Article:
Here's some of the reasons that Corbet argues open souce hardware "would certainly offer some benefits, but it would be no panacea."
- "While compilers can be had for free, the same is not true of chip fabrication facilities, especially the expensive fabs needed to create high-end processors... It will never be as easy or as cheap as typing 'make'..."
- "Without some way of verifying underlying design of an actual piece of hardware, we'll never really know if a given chip implements the design that we're told it does..."
- "Even if RISC-V becomes successful in the marketplace, chances are good that the processors we can actually buy will not come with freely licensed designs..."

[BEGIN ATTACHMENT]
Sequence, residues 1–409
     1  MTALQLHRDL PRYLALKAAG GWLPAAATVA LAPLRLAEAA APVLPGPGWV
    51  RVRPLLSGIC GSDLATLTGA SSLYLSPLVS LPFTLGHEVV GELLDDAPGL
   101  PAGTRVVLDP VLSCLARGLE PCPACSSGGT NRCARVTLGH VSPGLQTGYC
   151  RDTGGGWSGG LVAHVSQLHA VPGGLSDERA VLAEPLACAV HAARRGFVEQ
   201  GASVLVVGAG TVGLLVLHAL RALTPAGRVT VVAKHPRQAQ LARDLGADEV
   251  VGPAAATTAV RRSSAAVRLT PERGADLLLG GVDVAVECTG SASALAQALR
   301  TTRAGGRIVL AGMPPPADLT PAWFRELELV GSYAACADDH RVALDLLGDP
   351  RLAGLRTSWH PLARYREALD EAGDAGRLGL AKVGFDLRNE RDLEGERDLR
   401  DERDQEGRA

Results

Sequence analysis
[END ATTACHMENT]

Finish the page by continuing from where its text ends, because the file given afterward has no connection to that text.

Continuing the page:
- "Finally, even if we end up with entirely open processors, that will not bring an end to vulnerabilities at that level. We have a free kernel, but the kernel vulnerabilities come just the same. Open hardware may give us more confidence in the long term that we can retain control of our systems, but it is certainly not a magic wand that will wave our problems away."
"None of this should prevent us from trying to bring more openness and freedom to the design of our hardware, though. Once upon a time, creating a free operating system seemed like an insurmountably difficult task, but we have done it, multiple times over. Moving away from proprietary hardware designs may be one of our best chances for keeping our freedom; it would be foolish not to try."